The Graph Development Lifecycle
Graph model production tasks, now automated
What is the Graph Development Lifecycle?
This is what we call the steps that a knowledge graph practitioner goes through every time they implement a knowledge graph. Because the lifecycle has, traditionally, been so dependent on software development, knowledge graphs have taken a lot of time and money to get from conception to production. The diagram below shows the lifecycle and repeating the steps in this cycle is what takes the majority of time in a knowledge graph implementation project.
To fix this issue, the Graph.Build platform automates these steps, making them fast and easily repeatable so that improvements and corrections to the model during the design phase can be done in days not months.
What Steps are Taken When Building a Knowledge Graph?
A knowledge graph is a powerful tool for organising and representing complex information in a way that is easily understandable and actionable. At the heart of a knowledge graph is the graph model, which defines the structure of the graph and how data is organised and connected. The following steps are needed to create a graph model once it has been established what data is being modelled and where it is. Executing these steps is simple in the Graph.Build platform, allowing the modeller to spend time and energy on high level thinking and not on the difficulties involved in transforming data using bespoke software development.
1. Identify the Domain
The first step in the graph modelling process is to identify the domain that the knowledge graph will represent. This involves defining the scope of the graph, including the types of entities and relationships that will be included. For example, if you're building a knowledge graph for a retail company, the domain might include entities such as products, customers, and orders, and relationships such as purchased, viewed, and recommended.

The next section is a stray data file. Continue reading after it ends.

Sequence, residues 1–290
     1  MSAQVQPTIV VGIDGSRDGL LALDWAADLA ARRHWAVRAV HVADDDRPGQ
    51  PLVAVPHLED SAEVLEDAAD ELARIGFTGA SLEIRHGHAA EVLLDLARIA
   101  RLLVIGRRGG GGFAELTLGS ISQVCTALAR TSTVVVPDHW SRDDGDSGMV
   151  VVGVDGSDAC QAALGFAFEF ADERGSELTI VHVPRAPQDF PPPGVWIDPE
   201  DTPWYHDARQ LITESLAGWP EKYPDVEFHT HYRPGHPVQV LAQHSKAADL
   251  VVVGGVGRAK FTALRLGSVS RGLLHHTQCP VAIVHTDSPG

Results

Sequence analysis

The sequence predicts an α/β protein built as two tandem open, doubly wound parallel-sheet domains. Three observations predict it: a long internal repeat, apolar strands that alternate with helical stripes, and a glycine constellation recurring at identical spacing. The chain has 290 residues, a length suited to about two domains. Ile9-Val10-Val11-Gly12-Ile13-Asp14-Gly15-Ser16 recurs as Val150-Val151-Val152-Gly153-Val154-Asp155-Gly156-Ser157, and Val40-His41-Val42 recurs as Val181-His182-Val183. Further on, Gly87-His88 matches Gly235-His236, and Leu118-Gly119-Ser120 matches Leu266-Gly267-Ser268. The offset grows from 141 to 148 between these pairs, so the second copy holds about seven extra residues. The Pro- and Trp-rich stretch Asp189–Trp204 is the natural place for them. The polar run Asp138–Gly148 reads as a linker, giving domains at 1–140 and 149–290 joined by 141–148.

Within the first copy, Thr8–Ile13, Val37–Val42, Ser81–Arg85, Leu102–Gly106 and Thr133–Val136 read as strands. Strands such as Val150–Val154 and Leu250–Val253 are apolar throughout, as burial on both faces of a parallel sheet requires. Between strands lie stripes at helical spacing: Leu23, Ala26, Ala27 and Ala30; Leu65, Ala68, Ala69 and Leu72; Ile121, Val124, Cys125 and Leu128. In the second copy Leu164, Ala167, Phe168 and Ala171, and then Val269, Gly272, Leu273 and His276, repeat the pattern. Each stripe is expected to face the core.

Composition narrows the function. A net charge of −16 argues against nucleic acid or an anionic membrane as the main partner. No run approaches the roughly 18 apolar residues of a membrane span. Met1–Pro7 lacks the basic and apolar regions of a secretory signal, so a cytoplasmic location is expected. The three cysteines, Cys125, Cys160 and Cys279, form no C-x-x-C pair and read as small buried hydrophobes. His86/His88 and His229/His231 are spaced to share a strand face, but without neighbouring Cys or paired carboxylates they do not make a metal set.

2. Define the Entities
Once you've identified the domain, the next step is to define the entities that will be included in the graph. Entities are the fundamental building blocks of a knowledge graph and represent the things that you want to capture information about. For example, in a retail knowledge graph, entities might include products, customers, orders, and stores.
3. Define the Relationships
After defining the entities, the next step is to define the relationships between them. Relationships describe how entities are connected and are represented as edges in the graph. For example, in a retail knowledge graph, relationships might include purchased, viewed, and recommended, which describe how customers interact with products.
4. Determine the Attributes
Attributes are characteristics or properties of entities and relationships that you want to capture in the knowledge graph. For example, attributes for a product entity might include name, description, price, and category. Attributes can also be used to capture additional information about relationships, such as the date and time that a customer purchased a product.
5. Model the Graph
Once you've defined the entities, relationships, and attributes, the next step is to model the graph. This involves defining the schema of the graph, which specifies the types of entities and relationships that will be included, as well as their attributes. The schema serves as a blueprint for the graph and defines how data is organised and connected.
6. Map the Data
After modelling the graph, the next step is to map the data to the graph model. This involves identifying the sources of data and mapping the data to the entities, relationships, and attributes defined in the schema. Depending on the complexity of the data and the number of sources, this step can be time-consuming and require significant data transformation.
7. Validate the Model
Once the data has been mapped to the graph model, the next step is to validate the model. This involves ensuring that the model accurately represents the domain and that the data is correctly mapped to the entities, relationships, and attributes defined in the schema. Validating the model is important to ensure that the graph is accurate and provides meaningful insights.
8. Refine the Model
After validating the model, the final step is to refine the model based on feedback and new data. Refining the model involves making changes to the schema, entities, relationships, and attributes to better reflect the domain and improve the accuracy and usefulness of the graph.
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